BIG­GER BUT NOT

While most cars grow con­sid­er­ably with each gen­er­a­tion, the new Evoque is just 1mm longer than its pre­de­ces­sor, due to re­search that showed many own­ers of the cur­rent model live in ur­ban ar­eas and there­fore value its rel­a­tively com­pact size.

Prac­ti­cal­ity has in­stead been im­proved by an in­crease in the dis­tance be­tween the two axles, re­sult­ing in larger rear door open­ings and more leg room for those in the back. Don’t go think­ing that the Evoque is now as spa­cious as boxy ri­vals such as the BMW X1; six-foot­ers will still feel a bit cramped when sit­ting be­hind a sim­i­lar-sized driver. How­ever, smaller adults will be per­fectly com­fort­able.

Sim­i­larly, the boot may not be class-lead­ing, but it’s now suit­able for golf clubs, thanks to ex­tra width and a 10% in­crease in vol­ume (now 591 litres, mea­sured up to the roof) that was achieved by tting a more com­pact rear sus­pen­sion de­sign bor­rowed from the Ve­lar.

Us­abil­ity is fur­ther boosted by thought­ful touches such as a col­lapsi­ble side net for hold­ing small items in place and rear seats that split and fold 40/20/40 so you can run skis be­tween two rear pas­sen­gers. Plus, the Evoque has large front and rear door bins and sev­eral handy stor­age cub­bies be­tween its front seats. ECON­OMY DRIVE

The en­gines avail­able at launch are all tur­bocharged 2.0-litre four-cylin­der units

fa­mil­iar from ex­ist­ing Land Rover mod­els. A 148bhp diesel is the least pow­er­ful op­tion, while a 296bhp petrol is the other book­end of the range. How­ever, in what is a rst for Land Rover, Evo­ques speci ed with an au­to­matic gear­box also get a 48V mild hy­brid sys­tem.

This cap­tures en­ergy that would nor­mally be lost dur­ing de­cel­er­a­tion and stores it in a small bat­tery be­neath the oor.then,when you pull away, the en­ergy is re­de­ployed to as­sist the en­gine, re­duc­ing fuel con­sump­tion.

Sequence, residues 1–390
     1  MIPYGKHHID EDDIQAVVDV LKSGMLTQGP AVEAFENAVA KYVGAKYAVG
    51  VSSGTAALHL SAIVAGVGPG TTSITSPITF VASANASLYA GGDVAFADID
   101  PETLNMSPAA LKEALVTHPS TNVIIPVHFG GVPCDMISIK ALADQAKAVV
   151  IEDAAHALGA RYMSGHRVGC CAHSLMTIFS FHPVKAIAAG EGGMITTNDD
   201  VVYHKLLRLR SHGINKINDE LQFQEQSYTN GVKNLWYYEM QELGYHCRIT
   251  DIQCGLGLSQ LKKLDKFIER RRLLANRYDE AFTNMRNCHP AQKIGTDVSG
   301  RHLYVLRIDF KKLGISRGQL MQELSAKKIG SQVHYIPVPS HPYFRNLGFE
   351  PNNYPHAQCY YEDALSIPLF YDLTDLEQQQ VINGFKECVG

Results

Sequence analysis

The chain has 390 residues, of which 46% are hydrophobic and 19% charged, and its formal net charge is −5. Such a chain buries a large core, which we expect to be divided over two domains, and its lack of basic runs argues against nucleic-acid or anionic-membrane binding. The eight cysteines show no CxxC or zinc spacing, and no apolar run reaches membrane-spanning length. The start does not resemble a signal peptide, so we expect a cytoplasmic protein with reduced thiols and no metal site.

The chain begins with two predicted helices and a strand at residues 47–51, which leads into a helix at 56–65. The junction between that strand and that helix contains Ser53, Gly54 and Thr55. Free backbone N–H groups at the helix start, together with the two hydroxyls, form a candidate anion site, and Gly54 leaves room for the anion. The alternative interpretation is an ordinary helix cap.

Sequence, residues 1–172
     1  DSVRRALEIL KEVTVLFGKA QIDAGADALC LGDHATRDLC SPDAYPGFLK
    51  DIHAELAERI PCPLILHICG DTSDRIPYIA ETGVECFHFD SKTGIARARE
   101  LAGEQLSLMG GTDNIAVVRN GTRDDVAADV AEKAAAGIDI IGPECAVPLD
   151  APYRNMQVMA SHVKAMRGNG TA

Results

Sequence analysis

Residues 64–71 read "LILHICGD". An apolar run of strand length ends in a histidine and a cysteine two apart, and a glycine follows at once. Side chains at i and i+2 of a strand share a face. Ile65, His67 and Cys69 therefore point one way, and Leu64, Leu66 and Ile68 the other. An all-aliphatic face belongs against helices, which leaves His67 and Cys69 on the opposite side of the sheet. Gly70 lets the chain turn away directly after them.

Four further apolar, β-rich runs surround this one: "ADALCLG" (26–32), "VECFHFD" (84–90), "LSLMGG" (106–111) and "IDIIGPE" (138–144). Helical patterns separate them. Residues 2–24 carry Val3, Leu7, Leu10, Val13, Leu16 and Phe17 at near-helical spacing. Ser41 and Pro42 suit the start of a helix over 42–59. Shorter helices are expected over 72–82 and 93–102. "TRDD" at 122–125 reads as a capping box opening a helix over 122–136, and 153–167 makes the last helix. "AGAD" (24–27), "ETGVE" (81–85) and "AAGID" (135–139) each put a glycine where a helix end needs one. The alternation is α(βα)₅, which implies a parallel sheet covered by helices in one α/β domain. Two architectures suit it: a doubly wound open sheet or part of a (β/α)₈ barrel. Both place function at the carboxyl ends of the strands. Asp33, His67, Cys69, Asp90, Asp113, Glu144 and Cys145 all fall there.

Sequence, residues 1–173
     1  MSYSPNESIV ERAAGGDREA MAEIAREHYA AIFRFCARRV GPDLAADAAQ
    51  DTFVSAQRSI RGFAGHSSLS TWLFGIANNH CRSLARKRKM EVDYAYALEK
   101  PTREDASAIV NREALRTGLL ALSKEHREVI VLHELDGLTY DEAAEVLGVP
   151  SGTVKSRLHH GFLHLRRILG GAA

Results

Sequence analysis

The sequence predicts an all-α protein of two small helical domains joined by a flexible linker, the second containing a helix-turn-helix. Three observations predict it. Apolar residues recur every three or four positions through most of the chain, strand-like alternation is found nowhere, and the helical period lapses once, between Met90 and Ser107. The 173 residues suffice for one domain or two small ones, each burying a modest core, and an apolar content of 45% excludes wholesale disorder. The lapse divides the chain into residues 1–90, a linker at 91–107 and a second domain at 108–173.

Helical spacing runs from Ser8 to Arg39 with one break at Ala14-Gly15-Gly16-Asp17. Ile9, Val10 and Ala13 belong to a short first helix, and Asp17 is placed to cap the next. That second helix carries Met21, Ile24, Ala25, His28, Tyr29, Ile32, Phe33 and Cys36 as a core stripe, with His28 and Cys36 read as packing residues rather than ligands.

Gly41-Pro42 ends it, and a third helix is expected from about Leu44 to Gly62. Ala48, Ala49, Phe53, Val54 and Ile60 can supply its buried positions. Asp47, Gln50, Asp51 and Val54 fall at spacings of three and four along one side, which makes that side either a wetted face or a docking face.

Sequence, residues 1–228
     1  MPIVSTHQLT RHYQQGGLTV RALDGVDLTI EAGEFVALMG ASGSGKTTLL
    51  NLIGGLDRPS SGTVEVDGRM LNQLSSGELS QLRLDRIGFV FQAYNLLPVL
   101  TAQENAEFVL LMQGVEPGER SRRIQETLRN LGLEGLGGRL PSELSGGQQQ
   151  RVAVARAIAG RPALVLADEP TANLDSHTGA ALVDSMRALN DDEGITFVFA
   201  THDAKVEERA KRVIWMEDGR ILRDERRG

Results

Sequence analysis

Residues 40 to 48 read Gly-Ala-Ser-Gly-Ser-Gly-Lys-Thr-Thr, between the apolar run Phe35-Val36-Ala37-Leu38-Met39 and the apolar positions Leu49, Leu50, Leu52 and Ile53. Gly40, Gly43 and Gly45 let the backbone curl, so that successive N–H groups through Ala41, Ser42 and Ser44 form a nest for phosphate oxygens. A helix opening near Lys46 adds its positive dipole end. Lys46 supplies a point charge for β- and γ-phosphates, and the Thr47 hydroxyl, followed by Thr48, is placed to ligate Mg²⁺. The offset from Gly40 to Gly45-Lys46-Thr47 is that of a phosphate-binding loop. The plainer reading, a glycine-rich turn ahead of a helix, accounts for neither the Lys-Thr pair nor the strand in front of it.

Land Rover claims this sys­tem brings an im­prove­ment in ef ciency of up to 6%.And while gures for the whole Evoque range are yet to be con rmed, the most fru­gal auto model (the front-wheel-drive ver­sion of the 148bhp diesel) re­turns 49.6mpg on the NEDC test cy­cle while emit­ting 149g/km of CO2.

By com­par­i­son, the 148bhp ver­sion of the old Evoque man­aged only 47.9mpg and pumped out 157g/km, but the new car still falls

short of many ri­vals, in­clud­ing our reign­ing Car of the Year, the Volvo XC40 D4 R-de­sign (at least in the lab).

Aside from fuel econ­omy, Land Rover’s main fo­cus with the en­gines was to im­prove re ne­ment, be­cause its four-cylin­der diesel units have tra­di­tion­ally been nois­ier and trans­mit­ted more vi­bra­tions into the car than their Audi and BMW equiv­a­lents.

The mild hy­brid tech­nol­ogy should help with this, too, re­duc­ing the strain on the en­gine un­der ac­cel­er­a­tion and al­low­ing it to shut off al­to­gether when you brake at speeds be­low 11mph. In ad­di­tion, Land Rover claims to have put a lot of work into en­sur­ing the en­gine mounts are in the op­ti­mum po­si­tion for smooth­ness.